|WikiProject Food and drink||(Rated Start-class, Low-importance)|
I based this on http://es.wikipedia.org/wiki/Pincho -- there is certainly a lot of room for improvement, this is my first stab at a translation. So feel free to edit away!
Kenneth Heal 16:18, 24 February 2007 (UTC)
Lack of sources cited regarding which areas of the Basque Country are best-known for their pintxos. Issues of original research too. — Preceding unsigned comment added by 188.8.131.52 (talk) 17:00, 22 June 2013 (UTC)
I'm replacing the image. The current one, while they might be pintxos, does not show the toothpick, which is kind of essential considering the food itself is named after the concept of "pinching" together the different ingredients. --Mûĸĸâĸûĸâĸû 19:24, 3 March 2009 (UTC)
In Spain, pincho refers to 2 unrelated types of food. I've tried to explain that in the article, but there should be 2 different pages really, for example Pincho (social snack) and Pincho (spiked food), or something to that effect. In fact the second page probably exists already, but I can't find it. Opinions? --Jotamar (talk) 23:54, 8 September 2009 (UTC)
Spelling and pronounciation of pintxoEdit
I´m changing the name of the article to 'pintxo', with the spelling 'pincho' as alternative. Since everybody relates pintxos to the Basque Country it´s awkward to have a spanish spelling. Furthermore, the spelling 'tx' instead of 'ch' is understood by any native spanish speaker. Pronounciation in Basque is the same as in spanish, stress is on the first syllable, I changed that as well.
Sep 6th 2012
- I don't think that is a good idea, for the following reasons:
- pintxo in Basque is a very obvious loanword from Spanish (not the other way around).
- The main cities in the Basque country (Bilbao, Vitoria, San Sebastián) are all Spanish-speaking, and it's there that the pincho cuisine is most famous, and not in the rural Basque-speaking areas.
- Pinchos are by no means exclusive of the Basque country. They're common in other areas of Spain too. Jotamar (talk) 16:20, 11 September 2012 (UTC)
While the word is borrowed from the Spanish "pincho", the motivation of using a spike to hold together a Tapa originated in the Basque region and thus the dish is most commonly known in the culinary world as a "Pintxo". Since this is not a page about spikes but about a class of food, I assert that the spelling used in the area of origin is correct rather than a variation given that this is for an English reference to the culinary term. Similarly, arguing that Basque cities are also Spanish speaking is an invalid argument as these cities within the Basque region recognize the Basque language as the official language (see: Navarre "Official Languages"). -MB (talk) 23:16, 25 February 2013 (UTC)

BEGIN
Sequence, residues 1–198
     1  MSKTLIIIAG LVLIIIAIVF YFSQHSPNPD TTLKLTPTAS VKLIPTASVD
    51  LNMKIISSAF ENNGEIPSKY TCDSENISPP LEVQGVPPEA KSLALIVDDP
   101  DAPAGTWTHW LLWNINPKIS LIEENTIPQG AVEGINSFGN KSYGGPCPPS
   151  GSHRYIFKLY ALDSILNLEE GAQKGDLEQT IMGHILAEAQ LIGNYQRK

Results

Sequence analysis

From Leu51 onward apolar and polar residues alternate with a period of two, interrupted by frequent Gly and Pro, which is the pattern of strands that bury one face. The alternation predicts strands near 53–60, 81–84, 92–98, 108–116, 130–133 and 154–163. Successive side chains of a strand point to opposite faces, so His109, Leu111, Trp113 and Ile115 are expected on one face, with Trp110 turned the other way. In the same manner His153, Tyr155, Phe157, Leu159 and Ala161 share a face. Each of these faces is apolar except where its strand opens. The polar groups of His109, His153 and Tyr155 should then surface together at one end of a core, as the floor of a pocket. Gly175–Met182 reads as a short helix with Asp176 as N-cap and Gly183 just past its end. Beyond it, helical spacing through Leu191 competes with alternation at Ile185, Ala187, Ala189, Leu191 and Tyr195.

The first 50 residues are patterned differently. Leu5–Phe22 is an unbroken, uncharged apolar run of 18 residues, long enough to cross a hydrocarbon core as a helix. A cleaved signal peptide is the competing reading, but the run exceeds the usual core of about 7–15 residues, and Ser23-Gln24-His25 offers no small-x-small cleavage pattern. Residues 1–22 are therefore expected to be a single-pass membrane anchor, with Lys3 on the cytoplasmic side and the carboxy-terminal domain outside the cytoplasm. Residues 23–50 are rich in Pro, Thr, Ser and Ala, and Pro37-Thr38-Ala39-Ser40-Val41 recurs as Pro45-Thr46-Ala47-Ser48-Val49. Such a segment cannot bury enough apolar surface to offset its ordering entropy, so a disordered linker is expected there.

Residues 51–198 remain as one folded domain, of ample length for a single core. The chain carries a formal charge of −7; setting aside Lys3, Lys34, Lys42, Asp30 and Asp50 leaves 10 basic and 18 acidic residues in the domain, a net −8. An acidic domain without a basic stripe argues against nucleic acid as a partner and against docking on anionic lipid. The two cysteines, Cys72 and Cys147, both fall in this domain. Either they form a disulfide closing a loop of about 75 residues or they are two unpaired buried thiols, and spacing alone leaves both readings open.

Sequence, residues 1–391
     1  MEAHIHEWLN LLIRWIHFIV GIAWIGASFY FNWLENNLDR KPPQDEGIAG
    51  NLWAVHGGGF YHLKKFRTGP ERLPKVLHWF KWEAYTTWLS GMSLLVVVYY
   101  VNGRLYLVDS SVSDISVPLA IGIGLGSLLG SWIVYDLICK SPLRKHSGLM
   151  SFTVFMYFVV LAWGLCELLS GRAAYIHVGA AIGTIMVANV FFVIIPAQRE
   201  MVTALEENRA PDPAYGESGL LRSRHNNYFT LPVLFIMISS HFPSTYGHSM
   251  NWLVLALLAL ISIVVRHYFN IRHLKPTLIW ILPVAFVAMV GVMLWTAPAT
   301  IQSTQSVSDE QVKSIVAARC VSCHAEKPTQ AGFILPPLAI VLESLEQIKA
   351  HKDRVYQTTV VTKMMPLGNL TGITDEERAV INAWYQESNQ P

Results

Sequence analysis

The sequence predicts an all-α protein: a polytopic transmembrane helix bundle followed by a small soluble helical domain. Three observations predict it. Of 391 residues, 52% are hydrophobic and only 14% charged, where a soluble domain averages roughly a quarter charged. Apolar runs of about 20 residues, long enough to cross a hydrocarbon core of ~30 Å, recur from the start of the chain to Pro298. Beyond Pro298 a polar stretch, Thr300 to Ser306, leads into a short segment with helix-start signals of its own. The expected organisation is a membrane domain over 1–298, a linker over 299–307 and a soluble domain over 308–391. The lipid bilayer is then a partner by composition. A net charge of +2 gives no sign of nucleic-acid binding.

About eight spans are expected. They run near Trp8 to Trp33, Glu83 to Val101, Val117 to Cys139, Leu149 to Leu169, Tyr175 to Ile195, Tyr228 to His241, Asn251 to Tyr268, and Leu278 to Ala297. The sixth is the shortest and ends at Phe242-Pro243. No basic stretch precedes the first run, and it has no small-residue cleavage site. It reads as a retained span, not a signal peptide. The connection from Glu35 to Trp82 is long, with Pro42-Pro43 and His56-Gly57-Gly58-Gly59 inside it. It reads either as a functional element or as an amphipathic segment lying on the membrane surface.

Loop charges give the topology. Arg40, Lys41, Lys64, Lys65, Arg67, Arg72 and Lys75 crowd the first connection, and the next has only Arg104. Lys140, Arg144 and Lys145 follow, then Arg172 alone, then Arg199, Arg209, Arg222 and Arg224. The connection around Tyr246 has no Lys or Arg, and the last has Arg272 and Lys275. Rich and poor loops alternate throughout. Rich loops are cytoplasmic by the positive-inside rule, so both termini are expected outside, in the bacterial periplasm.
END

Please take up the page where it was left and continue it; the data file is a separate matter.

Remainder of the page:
- You have unilaterally reverted my last change, basing this action on unsubstantiated claims which might as well be urban legends. I've been asking for references about pinchos originating in the Basque country for several years, and nothing appears. Another claim that sounds more like a phantasy than as a fact is that the dish (?) is most commonly known in the culinary world as a "Pintxo". By the way, I didn't say that Bilbao, Vitoria and San Sebastian are also Spanish-speaking, in fact Spanish is the only mother tongue of those native to the cities.
- Obviously, if you can't find any justification for your reversion other than Basque nationalist phantasies, I'll de-revert it. Jotamar (talk) 18:06, 1 March 2013 (UTC)
- I proceed to revert the change, which in addition had not be made in a technically proper way. Jotamar (talk) 17:41, 19 March 2013 (UTC)
- Spanish is the only mother tongue of those native to the cities? That's a very bold generalization, especially regarding San Sebastián. Talk about phantasies. Nowhere are "pintxos" spelled as "pinchos" in the Basque Autonomous Community, even in written Spanish, for example, this is from Vitoria's Council (http://www.vitoria-gasteiz.org/we001/was/we001Action.do?idioma=es&aplicacion=wb021&tabla=contenido&uid=u_60e9f7db_12cde2ef351__7fc7), ruled by the Spanish People's Party and the city with less Basque speakers out of the three provincial capitals. Baskesc (talk) 17:25, 29 June 2013 (UTC)